Health food trends to kick off the new year

    1 of 1 2 of 1

      With kale showing up everywhere these days, whether it’s chopped in caesar salad or salted and baked as chips, it’s hard to believe there was a time when nobody paid much attention to the superfood. Its health benefits and versatility have made it as hot as sriracha.

      Move over, kale. The year ahead promises a whole new crop of healthy foods that may well turn out to be just as popular.

      But first, what’s on its way out? According to Brooklyn-based food and restaurant consulting company Baum + Whiteman, kale will officially be out next year, along with artisan toast, bacon, salsa, and sweet yogurts. The group also came up with a list of buzzwords for 2015, which includes flavoured salts, savoury ice creams and yogurts, savoury waffles, and pistachios.

      We asked around locally about healthy food trends for the year ahead. Here are a few to start adding to your grocery list, if they’re not on it already.

      Fermented probiotic foods
      “People are learning more about probiotics, but it’s still a revelation that probiotics come in food that isn’t yogurt,” says chef and registered holistic nutritionist Andrea Potter, founder of Rooted Nutrition. “I started making sauerkraut when I stopped having dairy, when I cut out the only source of probiotics in my diet.” Aside from sauerkraut, those beneficial bacteria are also found in kimchi and pickles that are fermented without vinegar.

      Beneficial herbs
      Think rosemary, lavender, sage, thyme, lemon balm, and borage, says Barb McMahon, founder of Sprouting Chefs, which helps schools build and grow gardens. The plants are beautiful as well as abundant in various nutrients. “These all grow really well in our garden [at Burnaby’s Forest Grove Elementary School] and we talk about how each is beneficial not only to us as people but helps us attract our pollinator friends to the garden, too,” McMahon says. “The borage and sage in full bloom have an amazing spectacle of bees in the spring.”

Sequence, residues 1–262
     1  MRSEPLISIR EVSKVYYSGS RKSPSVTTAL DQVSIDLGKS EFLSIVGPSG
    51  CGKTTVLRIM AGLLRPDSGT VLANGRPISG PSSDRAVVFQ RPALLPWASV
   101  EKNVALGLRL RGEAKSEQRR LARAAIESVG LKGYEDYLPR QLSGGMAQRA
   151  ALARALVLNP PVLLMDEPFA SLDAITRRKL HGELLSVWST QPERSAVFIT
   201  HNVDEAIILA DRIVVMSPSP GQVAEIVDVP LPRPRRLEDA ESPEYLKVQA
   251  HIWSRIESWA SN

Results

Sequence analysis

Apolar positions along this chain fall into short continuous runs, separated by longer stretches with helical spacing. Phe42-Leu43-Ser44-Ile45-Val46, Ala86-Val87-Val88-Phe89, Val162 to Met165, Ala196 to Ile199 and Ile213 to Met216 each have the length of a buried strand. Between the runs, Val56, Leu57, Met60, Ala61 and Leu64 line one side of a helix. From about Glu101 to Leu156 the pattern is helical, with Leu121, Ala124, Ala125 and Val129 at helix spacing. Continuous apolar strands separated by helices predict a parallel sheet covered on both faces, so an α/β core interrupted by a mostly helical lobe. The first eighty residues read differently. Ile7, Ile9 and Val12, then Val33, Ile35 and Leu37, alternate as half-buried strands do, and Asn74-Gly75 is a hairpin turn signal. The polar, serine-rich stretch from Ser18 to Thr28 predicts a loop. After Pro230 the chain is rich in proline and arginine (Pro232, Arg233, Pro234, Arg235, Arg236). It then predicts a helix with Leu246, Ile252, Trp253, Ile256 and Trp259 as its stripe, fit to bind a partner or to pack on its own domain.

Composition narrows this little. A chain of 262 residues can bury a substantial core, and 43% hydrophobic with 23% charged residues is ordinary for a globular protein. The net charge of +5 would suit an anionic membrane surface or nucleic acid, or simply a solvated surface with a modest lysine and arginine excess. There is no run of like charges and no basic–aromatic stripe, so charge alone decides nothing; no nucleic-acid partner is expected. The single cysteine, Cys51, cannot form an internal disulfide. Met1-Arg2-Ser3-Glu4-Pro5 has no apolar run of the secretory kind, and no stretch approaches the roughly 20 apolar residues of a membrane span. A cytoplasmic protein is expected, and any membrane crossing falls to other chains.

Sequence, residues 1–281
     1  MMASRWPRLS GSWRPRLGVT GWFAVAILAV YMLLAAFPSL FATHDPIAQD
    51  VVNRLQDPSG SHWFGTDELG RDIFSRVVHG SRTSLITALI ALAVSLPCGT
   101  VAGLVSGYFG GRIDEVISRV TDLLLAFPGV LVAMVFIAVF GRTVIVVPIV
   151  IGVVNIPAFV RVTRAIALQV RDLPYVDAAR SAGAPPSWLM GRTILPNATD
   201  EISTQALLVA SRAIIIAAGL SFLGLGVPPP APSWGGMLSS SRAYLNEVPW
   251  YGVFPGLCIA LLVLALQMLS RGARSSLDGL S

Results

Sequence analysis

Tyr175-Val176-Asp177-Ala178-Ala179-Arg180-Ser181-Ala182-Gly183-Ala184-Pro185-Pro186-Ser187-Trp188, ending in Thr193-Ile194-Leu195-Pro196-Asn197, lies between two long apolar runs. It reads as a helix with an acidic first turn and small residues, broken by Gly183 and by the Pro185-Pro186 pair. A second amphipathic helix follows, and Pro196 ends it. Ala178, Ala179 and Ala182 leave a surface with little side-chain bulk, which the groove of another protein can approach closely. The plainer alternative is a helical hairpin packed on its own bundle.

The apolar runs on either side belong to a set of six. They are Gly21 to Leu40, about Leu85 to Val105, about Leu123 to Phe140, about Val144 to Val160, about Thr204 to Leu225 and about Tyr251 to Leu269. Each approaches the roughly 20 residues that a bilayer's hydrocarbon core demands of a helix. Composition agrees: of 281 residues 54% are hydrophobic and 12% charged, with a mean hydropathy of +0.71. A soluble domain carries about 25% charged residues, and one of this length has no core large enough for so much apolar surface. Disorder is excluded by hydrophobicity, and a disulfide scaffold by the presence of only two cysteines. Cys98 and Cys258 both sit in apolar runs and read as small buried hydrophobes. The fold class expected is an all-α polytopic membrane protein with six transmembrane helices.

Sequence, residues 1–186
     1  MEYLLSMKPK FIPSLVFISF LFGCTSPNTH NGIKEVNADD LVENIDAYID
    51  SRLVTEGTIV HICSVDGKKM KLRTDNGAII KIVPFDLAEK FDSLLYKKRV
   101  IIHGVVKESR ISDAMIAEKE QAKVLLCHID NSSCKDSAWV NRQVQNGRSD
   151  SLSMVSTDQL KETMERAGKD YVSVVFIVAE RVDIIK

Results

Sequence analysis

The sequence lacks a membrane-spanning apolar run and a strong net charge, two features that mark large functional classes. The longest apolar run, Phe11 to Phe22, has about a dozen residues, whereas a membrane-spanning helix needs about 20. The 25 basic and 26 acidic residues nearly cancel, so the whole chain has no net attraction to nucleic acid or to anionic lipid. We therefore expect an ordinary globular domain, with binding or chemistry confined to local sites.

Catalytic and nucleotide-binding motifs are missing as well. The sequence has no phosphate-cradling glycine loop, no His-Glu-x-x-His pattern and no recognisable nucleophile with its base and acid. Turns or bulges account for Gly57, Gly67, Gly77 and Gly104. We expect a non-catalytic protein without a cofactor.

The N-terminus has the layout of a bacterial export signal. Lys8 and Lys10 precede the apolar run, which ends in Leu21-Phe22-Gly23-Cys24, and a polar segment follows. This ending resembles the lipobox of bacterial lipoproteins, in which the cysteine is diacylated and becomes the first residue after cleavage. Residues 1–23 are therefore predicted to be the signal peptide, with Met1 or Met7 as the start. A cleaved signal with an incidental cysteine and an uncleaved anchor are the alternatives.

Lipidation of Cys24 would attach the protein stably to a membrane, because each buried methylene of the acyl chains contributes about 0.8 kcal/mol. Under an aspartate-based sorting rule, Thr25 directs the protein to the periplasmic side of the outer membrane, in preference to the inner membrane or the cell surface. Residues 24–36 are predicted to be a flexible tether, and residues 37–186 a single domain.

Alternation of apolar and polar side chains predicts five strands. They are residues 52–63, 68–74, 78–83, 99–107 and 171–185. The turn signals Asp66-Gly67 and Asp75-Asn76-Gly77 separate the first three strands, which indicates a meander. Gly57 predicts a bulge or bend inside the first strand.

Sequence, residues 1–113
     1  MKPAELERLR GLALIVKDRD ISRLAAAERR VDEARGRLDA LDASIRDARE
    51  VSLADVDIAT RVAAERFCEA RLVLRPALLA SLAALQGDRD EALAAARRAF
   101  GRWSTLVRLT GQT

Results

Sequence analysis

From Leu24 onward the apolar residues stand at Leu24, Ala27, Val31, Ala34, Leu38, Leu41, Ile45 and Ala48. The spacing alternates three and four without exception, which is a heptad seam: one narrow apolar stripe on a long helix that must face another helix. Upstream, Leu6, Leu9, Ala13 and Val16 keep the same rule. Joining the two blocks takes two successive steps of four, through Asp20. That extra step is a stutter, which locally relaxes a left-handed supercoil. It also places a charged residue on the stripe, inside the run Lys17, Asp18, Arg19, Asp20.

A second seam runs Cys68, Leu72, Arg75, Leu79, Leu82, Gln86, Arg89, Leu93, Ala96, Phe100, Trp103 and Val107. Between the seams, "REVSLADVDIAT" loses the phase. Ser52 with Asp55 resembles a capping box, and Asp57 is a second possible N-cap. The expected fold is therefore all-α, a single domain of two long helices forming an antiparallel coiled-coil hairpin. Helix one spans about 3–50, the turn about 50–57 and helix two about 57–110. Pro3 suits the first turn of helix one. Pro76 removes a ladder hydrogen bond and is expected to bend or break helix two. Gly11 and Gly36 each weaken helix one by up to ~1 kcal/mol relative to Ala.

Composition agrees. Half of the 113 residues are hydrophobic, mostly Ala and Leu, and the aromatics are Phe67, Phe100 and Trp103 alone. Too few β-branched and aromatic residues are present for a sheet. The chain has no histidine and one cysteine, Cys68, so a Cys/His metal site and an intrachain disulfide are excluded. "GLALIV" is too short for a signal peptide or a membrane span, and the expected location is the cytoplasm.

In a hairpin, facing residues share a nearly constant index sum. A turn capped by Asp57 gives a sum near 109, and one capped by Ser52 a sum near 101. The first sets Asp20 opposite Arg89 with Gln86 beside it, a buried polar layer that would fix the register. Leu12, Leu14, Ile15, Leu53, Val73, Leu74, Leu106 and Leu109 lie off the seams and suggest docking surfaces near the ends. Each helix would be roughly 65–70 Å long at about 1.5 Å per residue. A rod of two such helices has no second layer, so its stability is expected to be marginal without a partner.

Pasta made from beans and lentils
      “We believe the gluten-free trend will continue and…that we will see an increase in wheat-free pastas options,” says Meghan Clarke, one half of the duo behind Kitsilano’s Tractor Everyday Healthy Foods. “Refined corn and rice have been done and are not particularly successful as pastas; however, the bean-and-lentils pasta market is growing. Pastas made from black beans, garbanzo beans, and lentils actually have a great flavour and are loaded with fibre and protein, which helps lower the glycemic load of these choices.”

      Bone broth
      “This is a big trend, and I’m hoping it will last longer than a fad,” Potter says. “I’m excited to see bone broth coming back.” Whether they’re made using beef, turkey, chicken, lamb, or fish bones, these stocks are loaded with nutrients that are said to improve joint health, among other health benefits; they appeal in particular to those following the Paleo or the GAPS (Gut and Psychology Syndrome) diet. “The benefits are becoming more known. All the grandmas and grandpas I meet are excited about seeing ‘older’ food trends that are coming back. Older people just roll their eyes [that this is a new trend]: ‘We know that broths are healthy.’ ”

      Root vegetables
      Veggies like kohlrabi and turnips will all get some extra love this year—as long as they’re roasted. “You don’t boil them,” says Ron Matusik, prepared-foods team leader at the Kitsilano Whole Foods. “Chop them up and roast them with olive oil and a little salt and pepper, which brings out sweetness. They’re inexpensive and healthy.”

      Seaweed
      “People are really starting to get into seaweed,” Matusik says. “It gives you a lot of vitamins and minerals, and it can be chopped into foods because then you don’t need to use salt at all. Seaweed snacks are really healthy too.”

      Tomatillos
      “I planted two plants last spring on a whim with some Grade 7s and…they gave us enough tomatillo fruits to make 10 jars of salsa verde,” McMahon says. “Tomatillos are a great thing to can, as they have a high acidity.” The small green fruits are rich in potassium and antioxidants.

      Savoury oats
      Goodbye, brown-sugar topping; hello, aromatic herbs and spices. “Instead of using whole grains—say, brown rice—as a side dish you can use steel-cut oats and move away from the sweet-breakfast thing,” Matusik says. “Add squash and a bit of nutmeg and goat cheese, or make it savoury with caramelized onion.”

      Beyond Meat products
      This new line of foods is made with gluten-free, kosher, non-GMO ingredients such as soy protein, pea protein, and amaranth. “Beyond Chicken looks like chicken and cuts like chicken, but it’s a completely vegan option,” Matusik says.

      Comments